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Sensor network shows EVs are reducing CO2 emissions in the Bay Area. Is it enough?

SAN FRANCISCO CA - OCT. 23, 2020. Traffic streams into San Francisco on the Oakland Bay Bridge on Friday, Aug. 23, 2020. San Francisco has done an excellent job following public health guidance and made a huge leap from the coronavirus orange tier to the less restrictive yellow tier, providing a pathway for more businesses and activities to reopen. (Luis Sinco / Los Angeles Times)
A network of sensors in the San Francisco Bay Area logged decreases in carbon emissions due to the use of electric vehicles. Here, traffic streams across the Bay Bridge in August 2020. (Luis Sinco / Los Angeles Times)

A network of air monitors installed in Northern California has provided scientists with some of the first measurable evidence quantifying how much electric vehicles are shrinking the carbon footprint of a large urban area.

Researchers from UC Berkeley set up dozens of sensors across the Bay Area to monitor planet-warming carbon dioxide, the super-abundant greenhouse gas produced when fossil fuels are burned.

Between 2018 and 2022, the region's carbon emissions fell by 1.8% each year, which the Berkeley researchers concluded was almost exclusively owed to drivers switching to electric vehicles, according to a study published Thursday in the journal Environmental Science & Technology.

In that time, Californians purchased about 719,500 zero-emission or plug-in hybrid vehicles, more than triple the amount compared to the previous five years, according to the California Department of Energy. The Bay Area also had a higher rate of electric vehicle adoption than the state as a whole.

While the findings confirm the state's transition to zero-emission vehicles is substantially lowering carbon emissions, it also reveals these reductions are still not on pace to meet the state's ambitious climate goals.

Emissions need to be cut by around 3.7% annually, or nearly twice the rate observed by the monitors, according to Ronald Cohen, UC Berkeley professor of chemistry. Although cars and trucks are the state's largest source of carbon emissions, it underscores the need to deploy zero-emission technology inside homes and for the power grid.

Read more: California EV sales are falling. Is it just temporary, or a threat to state climate goals?

"I think what we see right now is evidence of strong success in the transportation sector," Cohen said. "We're going to need equally strong success in home and commercial heating, and in the [industrial] sources. We don't yet see significant movement in those, but policy pushing on those is not as far ahead as policy on electric vehicles."

Although cities only cover roughly 3% of global surface area, they produce about 70% of carbon emissions. Urban monitoring networks could give policymakers a more granular view of the sources of pollution.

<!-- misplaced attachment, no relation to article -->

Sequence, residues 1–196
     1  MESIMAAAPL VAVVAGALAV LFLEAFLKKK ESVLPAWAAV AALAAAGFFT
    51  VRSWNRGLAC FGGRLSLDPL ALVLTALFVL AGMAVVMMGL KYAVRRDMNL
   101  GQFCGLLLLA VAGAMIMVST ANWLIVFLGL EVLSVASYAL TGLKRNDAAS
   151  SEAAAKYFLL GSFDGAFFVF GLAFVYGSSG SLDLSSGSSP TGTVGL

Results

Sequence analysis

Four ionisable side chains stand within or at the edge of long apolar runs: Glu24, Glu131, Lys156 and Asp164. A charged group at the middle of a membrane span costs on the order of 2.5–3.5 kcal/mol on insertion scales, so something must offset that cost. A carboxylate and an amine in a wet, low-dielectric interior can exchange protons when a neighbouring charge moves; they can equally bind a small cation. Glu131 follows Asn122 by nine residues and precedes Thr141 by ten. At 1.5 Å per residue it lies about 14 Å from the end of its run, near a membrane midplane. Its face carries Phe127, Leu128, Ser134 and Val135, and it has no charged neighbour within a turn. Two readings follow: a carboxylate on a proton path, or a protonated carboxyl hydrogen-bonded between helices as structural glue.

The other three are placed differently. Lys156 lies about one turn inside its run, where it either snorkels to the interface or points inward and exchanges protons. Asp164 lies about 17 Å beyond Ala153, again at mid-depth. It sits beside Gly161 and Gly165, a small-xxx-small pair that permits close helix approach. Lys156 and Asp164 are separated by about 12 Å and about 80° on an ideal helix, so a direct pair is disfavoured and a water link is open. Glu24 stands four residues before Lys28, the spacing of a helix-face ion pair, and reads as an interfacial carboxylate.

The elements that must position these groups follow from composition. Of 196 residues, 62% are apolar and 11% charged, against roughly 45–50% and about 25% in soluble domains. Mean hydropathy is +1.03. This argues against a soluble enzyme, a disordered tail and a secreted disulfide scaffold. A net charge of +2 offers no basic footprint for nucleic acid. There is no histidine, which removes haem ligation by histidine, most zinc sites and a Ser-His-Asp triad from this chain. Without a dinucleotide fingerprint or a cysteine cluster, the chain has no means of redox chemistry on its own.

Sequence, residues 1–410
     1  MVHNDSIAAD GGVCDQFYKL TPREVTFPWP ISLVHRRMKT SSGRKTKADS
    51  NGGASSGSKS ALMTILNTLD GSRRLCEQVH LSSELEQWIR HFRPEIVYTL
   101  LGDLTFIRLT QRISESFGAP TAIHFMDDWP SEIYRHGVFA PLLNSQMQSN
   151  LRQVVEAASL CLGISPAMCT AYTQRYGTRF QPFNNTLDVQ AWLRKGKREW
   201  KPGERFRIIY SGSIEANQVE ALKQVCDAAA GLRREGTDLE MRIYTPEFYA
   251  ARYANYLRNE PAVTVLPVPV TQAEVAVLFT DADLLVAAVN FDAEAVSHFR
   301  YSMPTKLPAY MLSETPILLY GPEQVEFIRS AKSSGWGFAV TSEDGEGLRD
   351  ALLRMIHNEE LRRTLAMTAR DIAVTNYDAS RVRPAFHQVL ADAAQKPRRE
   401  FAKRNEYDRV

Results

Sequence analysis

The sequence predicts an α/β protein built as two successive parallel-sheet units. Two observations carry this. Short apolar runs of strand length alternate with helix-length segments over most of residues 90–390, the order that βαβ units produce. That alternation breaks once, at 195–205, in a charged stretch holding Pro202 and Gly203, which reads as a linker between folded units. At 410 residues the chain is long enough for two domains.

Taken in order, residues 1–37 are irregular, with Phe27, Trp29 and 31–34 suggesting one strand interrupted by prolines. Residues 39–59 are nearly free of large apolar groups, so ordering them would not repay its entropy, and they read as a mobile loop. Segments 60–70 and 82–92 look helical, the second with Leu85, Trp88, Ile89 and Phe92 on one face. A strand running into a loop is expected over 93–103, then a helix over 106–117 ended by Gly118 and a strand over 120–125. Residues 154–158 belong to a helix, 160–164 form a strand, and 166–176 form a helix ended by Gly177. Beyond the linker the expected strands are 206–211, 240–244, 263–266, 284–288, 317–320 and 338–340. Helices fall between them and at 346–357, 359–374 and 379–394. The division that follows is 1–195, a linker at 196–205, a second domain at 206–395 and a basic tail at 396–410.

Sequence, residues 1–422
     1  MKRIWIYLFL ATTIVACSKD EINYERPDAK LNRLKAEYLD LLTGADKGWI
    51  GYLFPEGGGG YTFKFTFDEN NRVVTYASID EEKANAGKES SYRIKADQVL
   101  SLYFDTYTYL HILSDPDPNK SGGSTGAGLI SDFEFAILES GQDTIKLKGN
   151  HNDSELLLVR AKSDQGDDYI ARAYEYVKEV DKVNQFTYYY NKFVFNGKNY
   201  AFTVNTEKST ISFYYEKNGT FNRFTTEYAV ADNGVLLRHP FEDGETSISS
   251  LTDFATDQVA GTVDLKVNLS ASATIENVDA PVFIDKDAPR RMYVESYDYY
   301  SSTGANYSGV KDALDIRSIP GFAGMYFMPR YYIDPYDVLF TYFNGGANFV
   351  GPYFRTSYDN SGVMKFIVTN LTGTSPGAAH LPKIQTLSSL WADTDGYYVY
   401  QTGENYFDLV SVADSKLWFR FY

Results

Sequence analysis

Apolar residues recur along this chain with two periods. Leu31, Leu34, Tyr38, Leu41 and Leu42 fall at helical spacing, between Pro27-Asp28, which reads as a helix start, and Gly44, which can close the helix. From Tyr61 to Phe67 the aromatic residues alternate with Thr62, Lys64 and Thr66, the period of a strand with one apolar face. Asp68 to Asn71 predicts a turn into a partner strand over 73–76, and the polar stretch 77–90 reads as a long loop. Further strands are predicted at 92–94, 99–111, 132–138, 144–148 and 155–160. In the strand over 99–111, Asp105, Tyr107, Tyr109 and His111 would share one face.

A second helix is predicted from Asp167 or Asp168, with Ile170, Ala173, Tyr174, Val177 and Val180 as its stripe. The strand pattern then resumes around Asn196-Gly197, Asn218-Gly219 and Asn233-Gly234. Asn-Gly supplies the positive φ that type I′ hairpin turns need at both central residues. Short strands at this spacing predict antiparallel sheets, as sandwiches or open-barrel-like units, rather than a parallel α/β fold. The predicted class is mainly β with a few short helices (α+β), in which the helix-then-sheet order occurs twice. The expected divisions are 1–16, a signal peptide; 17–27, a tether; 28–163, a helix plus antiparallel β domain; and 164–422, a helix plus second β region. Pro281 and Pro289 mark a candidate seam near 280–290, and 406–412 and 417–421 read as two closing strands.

Los Angeles and other major cities have set up Cohen's monitors in hopes it could reveal more insights about carbon emissions and air pollution.

As government agencies continue to assess efforts to decarbonize the economy through socioeconomic data and computer models, experts argue that monitoring networks like Berkeley's could provide a sorely needed reality check for some communities and offer another tool to verify the effectiveness of climate policies.

"I think the best contribution this makes is showing how we can check what's going on," said Danny Cullenward, a climate economist and senior fellow at the Kleinman Center for Energy Policy at the University of Pennsylvania. "It's probably not the last word. But it's an elegant way to ground-truth some of these things. We need more of these approaches, not fewer."

These systems could also reveal blind spots. California, for example, doesn't account for greenhouse gases leaking out of unplugged oil wells or carbon emissions from biofuels, such as power plants that burn woody waste.

"The atmosphere doesn't care," Cullenward said. "You can still measure it."

Read more: Can California pull off the epic transition to EVs? Read our coverage here

The largest deterrent to installing such networks is funding. But the equipment has become more inexpensive over the years: Each of the Berkeley sensors costs less than $10,000.

But the intention, Cohen said, is not to replace the current modes of climate accounting. He hopes those methods and his will work together.

"We're not suggesting that you do one in the absence of the other, but that they are stronger together."

This story originally appeared in Los Angeles Times.